She doesn't want to wonder what it is that he's doing right now, but she does. She wonders. She can't help it. It's like scratching a mosquito bite even when she knows that it won't make the itch go away.
She should be proud of herself. She graduated high school when no one-including herself-thought she'd even survive it. Nothing short of a miracle, right? Her maroon robe is hanging on the back of her bedroom door, not quite ready to be put away, shut up in a closet and taken out years in the future to remind her that she accomplished something.
Some accomplishment. She graduated, sure. To a life without him.
"Can I be sixteen again?" she whispers, not quite looking at herself in the mirror. Maybe sixteen wasn't the best year overall, but she had him. She could hold him, and be held by him. There wasn't the trauma of Angelus when she was seventeen, nor the heartache of keeping each other at arms' length as she turned eighteen. So sixteen, in terms of Angel, was the perfect year.
"Maybe I could call him," she murmurs to herself, glancing quickly at her phone. Just a simple phone call. A hi, a how are you doing. What are you doing? When will you be back in Sunnydale? Can I come to L.A. and see you? My dad still lives there, it wouldn't be a special trip. No? Why not? Yes, I know we're not supposed to see each other, but you chose that, not me. Who says it's the best thing? It's not for me. Did I ask you to run my life? How come you get to make these decisions and I don't get any choice at all? My entire life is proof that I don't have any rights, just give me this one thing?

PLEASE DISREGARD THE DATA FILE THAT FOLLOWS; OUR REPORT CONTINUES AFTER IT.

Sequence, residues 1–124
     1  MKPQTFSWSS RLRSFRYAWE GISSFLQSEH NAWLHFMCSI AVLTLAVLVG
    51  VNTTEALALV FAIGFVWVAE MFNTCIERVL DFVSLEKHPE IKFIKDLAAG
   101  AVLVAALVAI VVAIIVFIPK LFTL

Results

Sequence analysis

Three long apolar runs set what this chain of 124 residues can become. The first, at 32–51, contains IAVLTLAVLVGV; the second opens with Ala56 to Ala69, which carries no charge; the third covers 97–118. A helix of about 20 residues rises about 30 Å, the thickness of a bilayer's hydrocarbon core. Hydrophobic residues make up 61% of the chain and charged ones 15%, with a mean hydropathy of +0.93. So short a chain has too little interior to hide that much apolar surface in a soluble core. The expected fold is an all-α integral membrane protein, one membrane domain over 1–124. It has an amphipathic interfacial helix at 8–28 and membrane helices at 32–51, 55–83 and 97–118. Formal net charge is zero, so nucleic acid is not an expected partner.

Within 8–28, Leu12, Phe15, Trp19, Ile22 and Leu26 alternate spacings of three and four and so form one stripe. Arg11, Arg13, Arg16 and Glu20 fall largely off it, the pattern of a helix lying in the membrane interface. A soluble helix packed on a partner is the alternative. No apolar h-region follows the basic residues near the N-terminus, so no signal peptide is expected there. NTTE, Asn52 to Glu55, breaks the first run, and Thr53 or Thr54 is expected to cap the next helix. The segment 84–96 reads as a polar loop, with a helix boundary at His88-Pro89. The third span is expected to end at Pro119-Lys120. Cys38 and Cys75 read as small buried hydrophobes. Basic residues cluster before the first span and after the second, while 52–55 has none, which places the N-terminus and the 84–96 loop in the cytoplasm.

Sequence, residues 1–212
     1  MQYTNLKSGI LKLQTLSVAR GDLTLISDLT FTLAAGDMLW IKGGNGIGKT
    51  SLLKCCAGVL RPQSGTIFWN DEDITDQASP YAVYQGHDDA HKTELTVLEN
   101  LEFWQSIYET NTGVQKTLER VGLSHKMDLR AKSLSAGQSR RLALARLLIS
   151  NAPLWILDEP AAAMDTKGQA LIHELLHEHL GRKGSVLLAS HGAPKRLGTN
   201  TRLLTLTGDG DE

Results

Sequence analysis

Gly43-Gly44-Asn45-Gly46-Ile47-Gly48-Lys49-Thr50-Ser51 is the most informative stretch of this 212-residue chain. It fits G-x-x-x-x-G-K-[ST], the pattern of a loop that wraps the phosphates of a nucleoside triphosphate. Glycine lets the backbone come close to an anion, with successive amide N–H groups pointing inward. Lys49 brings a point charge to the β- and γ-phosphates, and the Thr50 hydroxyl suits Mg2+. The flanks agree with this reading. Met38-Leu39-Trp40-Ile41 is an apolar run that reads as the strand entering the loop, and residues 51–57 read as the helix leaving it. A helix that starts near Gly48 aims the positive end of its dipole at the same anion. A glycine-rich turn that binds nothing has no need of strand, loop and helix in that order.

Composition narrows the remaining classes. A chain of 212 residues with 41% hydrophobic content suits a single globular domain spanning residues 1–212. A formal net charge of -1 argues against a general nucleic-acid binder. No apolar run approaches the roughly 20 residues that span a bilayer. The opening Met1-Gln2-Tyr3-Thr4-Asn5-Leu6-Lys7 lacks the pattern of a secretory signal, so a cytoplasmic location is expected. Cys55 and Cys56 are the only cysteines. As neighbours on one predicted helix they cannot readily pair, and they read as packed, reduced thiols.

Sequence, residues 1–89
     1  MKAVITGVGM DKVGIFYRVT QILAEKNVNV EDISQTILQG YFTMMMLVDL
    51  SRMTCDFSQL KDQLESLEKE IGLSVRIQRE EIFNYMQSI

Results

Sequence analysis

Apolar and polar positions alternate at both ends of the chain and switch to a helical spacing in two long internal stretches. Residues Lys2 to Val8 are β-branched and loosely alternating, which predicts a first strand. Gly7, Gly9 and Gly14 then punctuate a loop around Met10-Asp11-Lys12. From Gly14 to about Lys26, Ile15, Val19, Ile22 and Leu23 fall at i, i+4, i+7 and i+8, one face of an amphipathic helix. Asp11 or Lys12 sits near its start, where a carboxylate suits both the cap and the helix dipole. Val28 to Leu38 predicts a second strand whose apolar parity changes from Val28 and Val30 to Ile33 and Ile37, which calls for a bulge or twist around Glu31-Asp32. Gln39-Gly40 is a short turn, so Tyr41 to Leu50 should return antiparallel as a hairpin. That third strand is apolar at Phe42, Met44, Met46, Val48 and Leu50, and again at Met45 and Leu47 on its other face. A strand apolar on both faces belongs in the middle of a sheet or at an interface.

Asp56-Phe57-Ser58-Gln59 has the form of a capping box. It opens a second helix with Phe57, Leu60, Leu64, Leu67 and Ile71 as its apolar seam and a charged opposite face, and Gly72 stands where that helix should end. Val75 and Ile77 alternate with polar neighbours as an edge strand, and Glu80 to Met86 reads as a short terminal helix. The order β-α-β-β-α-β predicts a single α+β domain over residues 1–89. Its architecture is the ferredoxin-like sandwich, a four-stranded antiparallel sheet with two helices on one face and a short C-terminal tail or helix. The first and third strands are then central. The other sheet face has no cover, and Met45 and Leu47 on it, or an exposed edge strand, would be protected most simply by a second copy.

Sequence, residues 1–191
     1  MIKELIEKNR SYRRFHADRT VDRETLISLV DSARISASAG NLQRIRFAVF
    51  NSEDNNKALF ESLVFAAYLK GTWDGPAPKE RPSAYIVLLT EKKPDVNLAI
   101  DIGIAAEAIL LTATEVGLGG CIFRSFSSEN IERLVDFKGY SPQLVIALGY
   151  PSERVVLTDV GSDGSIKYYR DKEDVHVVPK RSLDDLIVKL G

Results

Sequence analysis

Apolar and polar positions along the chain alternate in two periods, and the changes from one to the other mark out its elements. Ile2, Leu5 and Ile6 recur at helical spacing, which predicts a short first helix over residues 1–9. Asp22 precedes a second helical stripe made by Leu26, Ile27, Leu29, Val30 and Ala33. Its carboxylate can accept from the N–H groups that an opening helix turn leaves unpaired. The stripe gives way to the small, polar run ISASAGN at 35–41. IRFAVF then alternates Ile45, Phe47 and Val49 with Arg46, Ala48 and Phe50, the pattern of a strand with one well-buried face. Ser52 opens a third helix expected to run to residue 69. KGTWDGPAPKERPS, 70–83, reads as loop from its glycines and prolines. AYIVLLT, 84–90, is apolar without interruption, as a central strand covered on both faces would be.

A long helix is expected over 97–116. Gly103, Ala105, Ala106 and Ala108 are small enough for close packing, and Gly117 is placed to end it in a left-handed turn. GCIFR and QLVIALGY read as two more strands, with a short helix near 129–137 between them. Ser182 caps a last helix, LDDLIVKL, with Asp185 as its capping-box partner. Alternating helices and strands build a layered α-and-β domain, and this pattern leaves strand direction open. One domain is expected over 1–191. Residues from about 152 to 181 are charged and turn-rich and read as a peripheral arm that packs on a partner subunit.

No. Best not to call.
She can't hold back the sobs as she collapses back onto the bed. Tears leak out of the corners of her eyes, running down her temples and curling into her ears. Her hair is damp at the edges and she pushes it away, eyes open wide, aching, staring at the ceiling as if it might have an answer for why she hurts so bad.
Has she stopped crying in the three months since he left? Has there been a day that she didn't wake up and crumple, knowing that he wouldn't be there? She doesn't think so. If there has been, it's blurred into the monotonous series of empty days she's existed-not lived-since he walked out of her life.
She wants to know what he's doing. Is he out fighting the good fight? Is he with friends? Is he alone, brooding? Is he thinking about her, too, and wondering what she's doing?
Maybe. He's tried, but he can't get rid of her that easily. It's a small measure of comfort that she knows this. Very small.
She rolls over, hugging her pillow to her chest. Tears slide down her cheeks, leaving shiny tracks that will dry quickly into salty streaks. Or so she imagines. She'd have to stop crying to tell for sure.
"Just this once," she bargains with herself, and reaches for the phone. She dials, his number etched into her memory. He wasn't pleased that she'd acquired it, had asked her not to call. He didn't want her to make it harder on both of them. But he'll understand, she promises to herself. She has to talk to him. She has to know he's okay, that his life isn't the wasted void that hers has become, without him.
She bites her lip as the phone rings once, twice, three times. Her face falls, shatters, as it rings for the twentieth time, and she slowly lowers the receiver back into the cradle.
In the city of angels, a fallen one closes his eyes until the sound of the ringing stops, and weeps.